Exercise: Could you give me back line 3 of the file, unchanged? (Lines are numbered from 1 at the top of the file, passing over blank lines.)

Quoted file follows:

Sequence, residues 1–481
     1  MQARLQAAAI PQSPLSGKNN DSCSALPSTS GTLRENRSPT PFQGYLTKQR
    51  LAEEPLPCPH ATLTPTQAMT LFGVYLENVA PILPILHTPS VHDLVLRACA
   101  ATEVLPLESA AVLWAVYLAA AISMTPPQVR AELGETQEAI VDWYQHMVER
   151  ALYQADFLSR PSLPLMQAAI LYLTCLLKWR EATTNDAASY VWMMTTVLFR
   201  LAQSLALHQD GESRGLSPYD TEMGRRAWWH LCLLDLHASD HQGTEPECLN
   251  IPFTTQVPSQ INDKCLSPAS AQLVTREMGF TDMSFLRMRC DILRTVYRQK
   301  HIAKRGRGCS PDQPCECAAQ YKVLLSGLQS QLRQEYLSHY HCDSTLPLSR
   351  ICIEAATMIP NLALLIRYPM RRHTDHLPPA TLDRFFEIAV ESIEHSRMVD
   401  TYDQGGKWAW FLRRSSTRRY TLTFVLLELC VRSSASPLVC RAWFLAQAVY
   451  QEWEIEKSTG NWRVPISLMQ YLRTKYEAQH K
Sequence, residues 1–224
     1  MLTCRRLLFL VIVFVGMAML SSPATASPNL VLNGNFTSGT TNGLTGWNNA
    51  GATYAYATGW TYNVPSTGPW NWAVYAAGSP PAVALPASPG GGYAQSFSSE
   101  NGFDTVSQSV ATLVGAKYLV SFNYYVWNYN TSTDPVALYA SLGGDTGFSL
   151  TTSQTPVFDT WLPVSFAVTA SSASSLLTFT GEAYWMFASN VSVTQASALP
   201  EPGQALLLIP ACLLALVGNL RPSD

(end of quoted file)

    51  LAEEPLPCPH ATLTPTQAMT LFGVYLENVA PILPILHTPS VHDLVLRACA